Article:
As Notre Dame burned, the western world wept. The artistic treasures and monuments damaged represented a body blow to European culture and triggered an emotional outpouring closer to mass grief than a mere Church fire.
The same sense of raw stunned emotional shock welcomed Jacinda Ardern’s statement that the CGT would never ever become policy while she was leader.
For the Left a CGT is more than a taxation, it was a solemn promise made to every working person in Aotearoa.
The Left promised working people who worked their fingers to the bone to make ends meet that those from across town with the right connections and the exclusive School ties and elite Rugby handshakes who smugly drove past as their speculation gained them untaxed wealth wouldn’t forever remain unburdened by the cost of propping up our society.
A CGT was a promise to those grandfathers, grandmothers, uncles, aunts, fathers, mothers, friends, whanau, children that the very taxation system that underpinned our democracy was an even playing field where everyone, not just the already rich and connected, could have social mobility and agency.
The only person within labour who even came close to actually making the argument to defend the CGT was Willie Jackson on his Facebook page…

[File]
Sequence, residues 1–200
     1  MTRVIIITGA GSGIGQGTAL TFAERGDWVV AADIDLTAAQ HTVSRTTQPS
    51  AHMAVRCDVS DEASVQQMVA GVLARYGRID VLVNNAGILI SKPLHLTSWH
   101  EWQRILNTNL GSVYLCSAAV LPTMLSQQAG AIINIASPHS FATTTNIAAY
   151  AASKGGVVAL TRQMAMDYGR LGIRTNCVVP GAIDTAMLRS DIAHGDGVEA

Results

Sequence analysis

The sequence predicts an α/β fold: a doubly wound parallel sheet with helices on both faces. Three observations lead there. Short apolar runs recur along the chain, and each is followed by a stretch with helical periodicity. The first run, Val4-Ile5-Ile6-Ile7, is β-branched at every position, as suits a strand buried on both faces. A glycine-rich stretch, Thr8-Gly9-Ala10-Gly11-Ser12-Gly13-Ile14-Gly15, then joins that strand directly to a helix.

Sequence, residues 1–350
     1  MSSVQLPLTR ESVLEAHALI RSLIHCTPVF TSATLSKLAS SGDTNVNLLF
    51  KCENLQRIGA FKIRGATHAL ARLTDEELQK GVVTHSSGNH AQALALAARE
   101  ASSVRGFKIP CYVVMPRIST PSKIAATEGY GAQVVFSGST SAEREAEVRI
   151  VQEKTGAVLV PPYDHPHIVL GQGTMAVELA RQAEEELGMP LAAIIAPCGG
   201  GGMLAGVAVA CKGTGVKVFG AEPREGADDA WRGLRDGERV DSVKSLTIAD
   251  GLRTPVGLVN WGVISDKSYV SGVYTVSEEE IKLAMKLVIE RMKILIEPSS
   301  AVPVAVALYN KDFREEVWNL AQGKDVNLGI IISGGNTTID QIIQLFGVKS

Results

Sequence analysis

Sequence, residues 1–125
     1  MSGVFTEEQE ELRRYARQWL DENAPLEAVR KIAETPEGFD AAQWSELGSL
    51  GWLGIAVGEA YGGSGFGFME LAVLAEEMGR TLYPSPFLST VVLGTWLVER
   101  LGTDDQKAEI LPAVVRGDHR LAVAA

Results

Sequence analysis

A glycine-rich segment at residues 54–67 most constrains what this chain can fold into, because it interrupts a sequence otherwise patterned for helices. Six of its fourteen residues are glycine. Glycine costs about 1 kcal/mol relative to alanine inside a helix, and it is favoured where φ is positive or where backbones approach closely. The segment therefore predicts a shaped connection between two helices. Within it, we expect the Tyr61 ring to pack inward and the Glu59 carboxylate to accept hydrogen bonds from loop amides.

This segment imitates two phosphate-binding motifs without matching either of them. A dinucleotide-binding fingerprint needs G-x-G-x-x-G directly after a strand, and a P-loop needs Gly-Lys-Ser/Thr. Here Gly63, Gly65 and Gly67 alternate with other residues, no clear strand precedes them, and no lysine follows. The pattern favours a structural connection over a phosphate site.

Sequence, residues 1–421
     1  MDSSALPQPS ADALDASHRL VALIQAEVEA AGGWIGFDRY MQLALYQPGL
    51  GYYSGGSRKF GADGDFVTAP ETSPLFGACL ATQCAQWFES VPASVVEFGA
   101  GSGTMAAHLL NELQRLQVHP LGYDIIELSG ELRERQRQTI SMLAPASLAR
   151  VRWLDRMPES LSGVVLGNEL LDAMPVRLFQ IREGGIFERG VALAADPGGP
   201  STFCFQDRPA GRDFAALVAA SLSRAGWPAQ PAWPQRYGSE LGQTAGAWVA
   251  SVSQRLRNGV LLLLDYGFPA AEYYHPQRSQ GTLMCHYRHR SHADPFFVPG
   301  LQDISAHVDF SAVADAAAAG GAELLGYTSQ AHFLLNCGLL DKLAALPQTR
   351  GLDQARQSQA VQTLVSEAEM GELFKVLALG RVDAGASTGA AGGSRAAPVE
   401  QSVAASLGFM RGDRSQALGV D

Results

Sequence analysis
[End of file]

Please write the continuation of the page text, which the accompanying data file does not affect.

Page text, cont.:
I was the youngest freezing worker president in this country. It’s hard physical work in the freezing works, and while I have gone on to hold many jobs and roles in my life, the injustice that a worker paid tax on every dollar they earned while business people and property speculators did not, angered me then as it does now.This CGT is an attempt to share the tax burden across the entire spectrum of the economy and lift the yoke of obligation from the shoulders of working people.Why should the men and women of the freezing works, of the manufacturing jobs, retail, clerical, the nurses, Drs, Teachers, Police, labourers, everyone who pays PAYE, why should they shoulder the full weight of taxation while owners and speculators don’t pay a cent?This is about inequality and how to counter that inequality. Why should working people pay tax, but those who can afford accountants avoid it?
The proposal had a lone champion: former Labour finance minister and Working Group chairman Sir Michael Cullen. Having him front the debate probably sounded like a good idea when it was dreamed up in the Beehive by a room full of people dazzled by Cullen’s brilliance, but it was never obvious that the wider public (a) remembered who Cullen was or (b) if they did, whether they liked or trusted him, Cullen having been a rather caustic and smug political figure, or (c) if they did remember and trust him, whether they were aware of Cullen’s very vocal contempt for a capital gains tax the entire time he held the finance portfolio, and also (d) all that aside, how much credibility he had once it was revealed the government was paying him $1000 a day to do their job for them.
The only person who could have won the debate was Jacinda, and Jacinda was regally silent. She had to be because she was ‘consulting with her coalition partners’ but even when she was forced to speak to tax issues in the House – the one place Ardern and Robertson couldn’t pay Cullen to speak for them – her lines were barely coherent. It’s the only time Simon Bridges, National’s inept, doomed leader looked more prime ministerial than Ardern.